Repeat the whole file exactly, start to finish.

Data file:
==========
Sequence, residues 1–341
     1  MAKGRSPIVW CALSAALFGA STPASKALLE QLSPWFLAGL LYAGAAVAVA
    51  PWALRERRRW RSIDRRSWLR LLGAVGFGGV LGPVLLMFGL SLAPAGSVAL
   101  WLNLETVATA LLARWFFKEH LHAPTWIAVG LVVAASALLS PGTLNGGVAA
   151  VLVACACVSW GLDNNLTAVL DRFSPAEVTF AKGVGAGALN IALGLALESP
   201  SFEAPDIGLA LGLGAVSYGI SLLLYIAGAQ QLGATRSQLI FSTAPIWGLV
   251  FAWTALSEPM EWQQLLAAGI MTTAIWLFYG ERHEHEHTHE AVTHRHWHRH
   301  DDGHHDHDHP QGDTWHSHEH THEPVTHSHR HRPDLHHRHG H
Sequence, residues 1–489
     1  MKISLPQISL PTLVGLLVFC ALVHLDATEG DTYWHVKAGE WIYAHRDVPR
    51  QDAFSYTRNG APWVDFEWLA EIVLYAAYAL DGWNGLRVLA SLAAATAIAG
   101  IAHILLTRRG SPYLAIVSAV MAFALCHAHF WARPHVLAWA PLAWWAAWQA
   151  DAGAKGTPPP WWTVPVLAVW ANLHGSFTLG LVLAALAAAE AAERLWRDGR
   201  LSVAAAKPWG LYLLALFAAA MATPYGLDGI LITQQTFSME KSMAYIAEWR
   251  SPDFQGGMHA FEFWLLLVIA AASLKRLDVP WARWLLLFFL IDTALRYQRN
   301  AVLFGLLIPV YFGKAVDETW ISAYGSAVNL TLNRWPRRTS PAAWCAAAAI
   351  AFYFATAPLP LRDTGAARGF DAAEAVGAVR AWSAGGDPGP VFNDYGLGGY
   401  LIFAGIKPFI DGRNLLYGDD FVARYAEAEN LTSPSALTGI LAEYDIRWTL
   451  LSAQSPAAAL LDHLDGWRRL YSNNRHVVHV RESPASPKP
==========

Sequence, residues 1–341
     1  MAKGRSPIVW CALSAALFGA STPASKALLE QLSPWFLAGL LYAGAAVAVA
    51  PWALRERRRW RSIDRRSWLR LLGAVGFGGV LGPVLLMFGL SLAPAGSVAL
   101  WLNLETVATA LLARWFFKEH LHAPTWIAVG LVVAASALLS PGTLNGGVAA
   151  VLVACACVSW GLDNNLTAVL DRFSPAEVTF AKGVGAGALN IALGLALESP
   201  SFEAPDIGLA LGLGAVSYGI SLLLYIAGAQ QLGATRSQLI FSTAPIWGLV
   251  FAWTALSEPM EWQQLLAAGI MTTAIWLFYG ERHEHEHTHE AVTHRHWHRH
   301  DDGHHDHDHP QGDTWHSHEH THEPVTHSHR HRPDLHHRHG H
Sequence, residues 1–489
     1  MKISLPQISL PTLVGLLVFC ALVHLDATEG DTYWHVKAGE WIYAHRDVPR
    51  QDAFSYTRNG APWVDFEWLA EIVLYAAYAL DGWNGLRVLA SLAAATAIAG
   101  IAHILLTRRG SPYLAIVSAV MAFALCHAHF WARPHVLAWA PLAWWAAWQA
   151  DAGAKGTPPP WWTVPVLAVW ANLHGSFTLG LVLAALAAAE AAERLWRDGR
   201  LSVAAAKPWG LYLLALFAAA MATPYGLDGI LITQQTFSME KSMAYIAEWR
   251  SPDFQGGMHA FEFWLLLVIA AASLKRLDVP WARWLLLFFL IDTALRYQRN
   301  AVLFGLLIPV YFGKAVDETW ISAYGSAVNL TLNRWPRRTS PAAWCAAAAI
   351  AFYFATAPLP LRDTGAARGF DAAEAVGAVR AWSAGGDPGP VFNDYGLGGY
   401  LIFAGIKPFI DGRNLLYGDD FVARYAEAEN LTSPSALTGI LAEYDIRWTL
   451  LSAQSPAAAL LDHLDGWRRL YSNNRHVVHV RESPASPKP